- #1

lavinia

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- are they cohomologous?

- Is there a limiting process that relates them?

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- #1

lavinia

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- are they cohomologous?

- Is there a limiting process that relates them?

- #2

mathwonk

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I.e. they say that the deRham cohomology with wedge products, is isomorphic as an algebra to the Cech cohomology with cup products, and they seem to say that this also holds for singular and Cech cohomologies with cup products.

Isn't it more or less Fubini's theorem? i.e. to compare the integration action of a wedge product on a cell, with the cup product value?

Have you tried these "obvious" approaches and run into difficulties checking them out?

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lavinia

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My thought was that one approximates the integral by the product of the integrals on the faces of the cube. Then subdivision should improve the approximation. The integral of the wedge product would be the limit.

I.e. they say that the deRham cohomology with wedge products, is isomorphic as an algebra to the Cech cohomology with cup products, and they seem to say that this also holds for singular and Cech cohomologies with cup products.

Isn't it more or less Fubini's theorem? i.e. to compare the integration action of a wedge product on a cell, with the cup product value?

Have you tried these "obvious" approaches and run into difficulties checking them out?

Before taking any limits, are the wedge and cup products - viewed as smooth real valued cochains- cohomologous?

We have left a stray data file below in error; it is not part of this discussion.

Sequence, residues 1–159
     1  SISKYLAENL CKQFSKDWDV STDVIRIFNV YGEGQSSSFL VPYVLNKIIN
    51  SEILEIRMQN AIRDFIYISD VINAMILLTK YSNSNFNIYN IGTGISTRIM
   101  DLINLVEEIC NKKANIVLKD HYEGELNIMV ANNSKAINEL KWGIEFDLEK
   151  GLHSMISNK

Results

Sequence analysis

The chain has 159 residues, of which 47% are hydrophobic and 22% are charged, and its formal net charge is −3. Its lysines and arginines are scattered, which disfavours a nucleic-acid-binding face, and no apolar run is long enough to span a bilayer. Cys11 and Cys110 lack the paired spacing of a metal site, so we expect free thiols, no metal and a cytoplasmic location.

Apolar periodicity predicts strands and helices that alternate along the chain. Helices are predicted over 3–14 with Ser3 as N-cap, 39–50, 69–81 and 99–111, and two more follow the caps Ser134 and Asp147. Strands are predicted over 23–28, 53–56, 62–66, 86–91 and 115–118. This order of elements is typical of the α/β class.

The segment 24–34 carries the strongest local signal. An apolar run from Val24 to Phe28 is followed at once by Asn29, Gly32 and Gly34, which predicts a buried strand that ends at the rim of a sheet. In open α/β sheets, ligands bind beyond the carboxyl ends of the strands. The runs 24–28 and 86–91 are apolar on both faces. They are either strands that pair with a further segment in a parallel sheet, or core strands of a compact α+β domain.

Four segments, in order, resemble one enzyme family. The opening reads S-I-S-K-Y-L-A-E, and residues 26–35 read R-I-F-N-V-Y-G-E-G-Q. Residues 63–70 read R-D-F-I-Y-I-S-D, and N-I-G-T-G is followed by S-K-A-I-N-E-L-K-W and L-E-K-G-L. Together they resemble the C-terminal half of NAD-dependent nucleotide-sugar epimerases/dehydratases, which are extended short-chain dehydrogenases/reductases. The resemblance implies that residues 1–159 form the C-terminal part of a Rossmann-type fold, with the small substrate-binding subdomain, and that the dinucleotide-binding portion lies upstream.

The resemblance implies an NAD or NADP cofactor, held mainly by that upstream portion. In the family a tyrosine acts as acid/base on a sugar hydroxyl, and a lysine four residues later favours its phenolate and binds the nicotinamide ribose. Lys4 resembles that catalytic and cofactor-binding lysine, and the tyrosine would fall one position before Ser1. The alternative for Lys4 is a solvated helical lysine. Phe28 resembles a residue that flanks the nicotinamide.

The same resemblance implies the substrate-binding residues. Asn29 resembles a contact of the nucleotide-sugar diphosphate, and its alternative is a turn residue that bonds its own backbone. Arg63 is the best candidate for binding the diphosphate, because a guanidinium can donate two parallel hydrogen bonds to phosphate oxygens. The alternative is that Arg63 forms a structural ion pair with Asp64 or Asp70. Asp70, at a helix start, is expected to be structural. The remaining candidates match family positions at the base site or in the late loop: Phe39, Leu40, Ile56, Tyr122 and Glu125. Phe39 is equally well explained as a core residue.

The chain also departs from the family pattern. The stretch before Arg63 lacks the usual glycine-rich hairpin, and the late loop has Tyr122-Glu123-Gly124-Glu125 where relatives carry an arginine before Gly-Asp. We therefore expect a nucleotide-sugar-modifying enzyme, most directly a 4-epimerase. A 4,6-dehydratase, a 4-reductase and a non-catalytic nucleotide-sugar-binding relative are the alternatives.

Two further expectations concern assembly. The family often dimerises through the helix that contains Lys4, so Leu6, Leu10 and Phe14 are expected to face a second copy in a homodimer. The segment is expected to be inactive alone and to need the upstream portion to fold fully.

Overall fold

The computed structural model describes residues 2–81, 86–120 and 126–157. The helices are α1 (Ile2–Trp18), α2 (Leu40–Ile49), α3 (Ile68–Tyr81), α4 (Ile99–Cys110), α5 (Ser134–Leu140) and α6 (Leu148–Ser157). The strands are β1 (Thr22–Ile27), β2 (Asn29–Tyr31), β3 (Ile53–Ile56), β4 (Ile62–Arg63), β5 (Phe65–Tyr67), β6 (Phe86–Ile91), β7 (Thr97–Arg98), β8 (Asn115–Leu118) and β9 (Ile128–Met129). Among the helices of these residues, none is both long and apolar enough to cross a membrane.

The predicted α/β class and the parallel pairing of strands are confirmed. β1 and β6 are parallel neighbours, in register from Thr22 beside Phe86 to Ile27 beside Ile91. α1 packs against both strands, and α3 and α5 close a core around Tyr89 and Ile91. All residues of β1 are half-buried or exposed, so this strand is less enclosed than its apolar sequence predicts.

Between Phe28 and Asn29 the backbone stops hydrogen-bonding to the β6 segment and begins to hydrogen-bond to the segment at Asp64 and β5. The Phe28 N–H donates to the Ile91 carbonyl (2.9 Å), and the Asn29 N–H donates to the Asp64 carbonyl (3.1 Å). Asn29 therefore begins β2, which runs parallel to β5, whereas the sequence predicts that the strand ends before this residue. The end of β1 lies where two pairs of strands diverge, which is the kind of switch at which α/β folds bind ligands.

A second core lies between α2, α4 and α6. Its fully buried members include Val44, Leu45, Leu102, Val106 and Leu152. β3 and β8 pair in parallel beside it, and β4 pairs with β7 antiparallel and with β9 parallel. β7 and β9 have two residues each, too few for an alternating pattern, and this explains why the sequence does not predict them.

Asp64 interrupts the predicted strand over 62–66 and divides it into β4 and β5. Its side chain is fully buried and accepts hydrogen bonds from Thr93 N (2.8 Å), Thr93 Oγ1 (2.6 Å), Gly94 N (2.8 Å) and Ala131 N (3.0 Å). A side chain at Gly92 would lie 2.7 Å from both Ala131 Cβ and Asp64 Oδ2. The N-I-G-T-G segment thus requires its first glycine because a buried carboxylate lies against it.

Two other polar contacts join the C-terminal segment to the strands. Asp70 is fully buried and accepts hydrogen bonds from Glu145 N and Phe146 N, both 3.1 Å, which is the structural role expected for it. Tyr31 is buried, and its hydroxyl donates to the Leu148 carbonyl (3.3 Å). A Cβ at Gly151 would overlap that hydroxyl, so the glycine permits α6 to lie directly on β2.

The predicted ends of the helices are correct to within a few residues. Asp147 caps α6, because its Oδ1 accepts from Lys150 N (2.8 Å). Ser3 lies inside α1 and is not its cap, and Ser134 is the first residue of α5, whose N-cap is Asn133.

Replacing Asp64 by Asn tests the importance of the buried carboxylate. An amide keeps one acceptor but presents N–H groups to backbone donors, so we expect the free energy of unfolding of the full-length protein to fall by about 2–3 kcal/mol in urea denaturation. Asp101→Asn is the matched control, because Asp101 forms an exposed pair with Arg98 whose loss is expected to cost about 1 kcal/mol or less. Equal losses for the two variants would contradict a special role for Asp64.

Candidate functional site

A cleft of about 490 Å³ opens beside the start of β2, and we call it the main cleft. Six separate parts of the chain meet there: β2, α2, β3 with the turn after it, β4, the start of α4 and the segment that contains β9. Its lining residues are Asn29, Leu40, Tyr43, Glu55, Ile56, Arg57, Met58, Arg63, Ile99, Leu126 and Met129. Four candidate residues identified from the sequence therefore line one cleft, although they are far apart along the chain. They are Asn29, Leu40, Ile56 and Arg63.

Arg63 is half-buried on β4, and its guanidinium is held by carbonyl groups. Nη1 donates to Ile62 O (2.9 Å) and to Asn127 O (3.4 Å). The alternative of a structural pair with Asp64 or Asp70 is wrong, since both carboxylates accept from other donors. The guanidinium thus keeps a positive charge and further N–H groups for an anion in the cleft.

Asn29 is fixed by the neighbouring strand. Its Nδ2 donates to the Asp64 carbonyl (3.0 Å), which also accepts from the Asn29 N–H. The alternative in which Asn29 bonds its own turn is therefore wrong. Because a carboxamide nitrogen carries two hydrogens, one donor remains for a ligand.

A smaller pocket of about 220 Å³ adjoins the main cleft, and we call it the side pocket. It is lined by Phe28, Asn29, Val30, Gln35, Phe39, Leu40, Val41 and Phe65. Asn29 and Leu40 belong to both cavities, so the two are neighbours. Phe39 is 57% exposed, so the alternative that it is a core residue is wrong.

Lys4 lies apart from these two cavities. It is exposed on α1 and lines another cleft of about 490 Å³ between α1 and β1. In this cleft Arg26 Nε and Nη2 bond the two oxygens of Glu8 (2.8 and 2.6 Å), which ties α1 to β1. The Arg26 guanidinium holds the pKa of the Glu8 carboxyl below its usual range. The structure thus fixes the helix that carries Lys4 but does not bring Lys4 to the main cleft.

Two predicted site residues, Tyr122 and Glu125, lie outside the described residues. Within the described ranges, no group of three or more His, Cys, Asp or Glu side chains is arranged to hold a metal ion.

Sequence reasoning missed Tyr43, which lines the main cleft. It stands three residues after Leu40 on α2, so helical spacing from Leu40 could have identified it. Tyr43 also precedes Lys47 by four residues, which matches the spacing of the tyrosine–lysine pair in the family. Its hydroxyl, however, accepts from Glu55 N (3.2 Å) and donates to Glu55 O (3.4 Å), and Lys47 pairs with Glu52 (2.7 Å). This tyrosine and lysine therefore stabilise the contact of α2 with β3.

I don't know anything about Czech cohomology. Thanks for the info.

- #4

mathwonk

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start from an open cover, in particular look at a polyhedron like an icosahedron. to each vertex associate the open faces (and edges) adjacent to that vertex (the "star" of the vertex). this is the canonical open cover. each open set is thought of as a vertex.

then intersect two such open sets and consider that as a 1 simplex, i.e. an edge.

notice that in our example the intersection of two open sets gives the open faces adjacent to the edge joining the two vertices defining the original open stars.

intersecting three such open stars associated to the vertices of a face, gives that open face. thus abstractly, a k simplex is the intersection of any k+1 open sets of the original open cover.

this is a beautiful construction since it allows one to consider functions defined on the open sets associated to the k simplices. this allows a natural way to use say smooth functions as coefficients for ones cohomology rather than just integers.

since one can consider constant functions as well as smooth functions as coefficients, this allows cech cohomology to be used as a bridge between singular and derham cohomology. this is the approach in bott tu.